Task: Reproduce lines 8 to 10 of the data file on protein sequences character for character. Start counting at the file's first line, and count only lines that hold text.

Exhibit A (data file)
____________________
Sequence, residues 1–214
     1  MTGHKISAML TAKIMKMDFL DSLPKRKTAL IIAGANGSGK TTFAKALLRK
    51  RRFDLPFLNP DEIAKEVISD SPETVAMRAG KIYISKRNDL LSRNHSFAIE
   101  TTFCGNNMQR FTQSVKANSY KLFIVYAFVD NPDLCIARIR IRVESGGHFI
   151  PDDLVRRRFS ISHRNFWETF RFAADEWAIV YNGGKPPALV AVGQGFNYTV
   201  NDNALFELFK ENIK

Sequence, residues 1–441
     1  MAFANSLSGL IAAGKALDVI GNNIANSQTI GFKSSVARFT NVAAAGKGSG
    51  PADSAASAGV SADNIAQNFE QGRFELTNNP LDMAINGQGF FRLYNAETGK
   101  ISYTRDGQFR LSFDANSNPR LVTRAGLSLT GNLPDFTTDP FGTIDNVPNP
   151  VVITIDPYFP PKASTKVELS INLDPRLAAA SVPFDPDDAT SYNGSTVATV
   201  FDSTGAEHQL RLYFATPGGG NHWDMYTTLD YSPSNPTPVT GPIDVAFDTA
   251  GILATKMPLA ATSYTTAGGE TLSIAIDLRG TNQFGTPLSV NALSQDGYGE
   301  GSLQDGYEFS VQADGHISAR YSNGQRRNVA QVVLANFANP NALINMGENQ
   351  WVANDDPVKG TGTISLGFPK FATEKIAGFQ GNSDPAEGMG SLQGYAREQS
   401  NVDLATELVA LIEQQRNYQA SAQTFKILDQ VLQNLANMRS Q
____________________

     1  MAFANSLSGL IAAGKALDVI GNNIANSQTI GFKSSVARFT NVAAAGKGSG
    51  PADSAASAGV SADNIAQNFE QGRFELTNNP LDMAINGQGF FRLYNAETGK
   101  ISYTRDGQFR LSFDANSNPR LVTRAGLSLT GNLPDFTTDP FGTIDNVPNP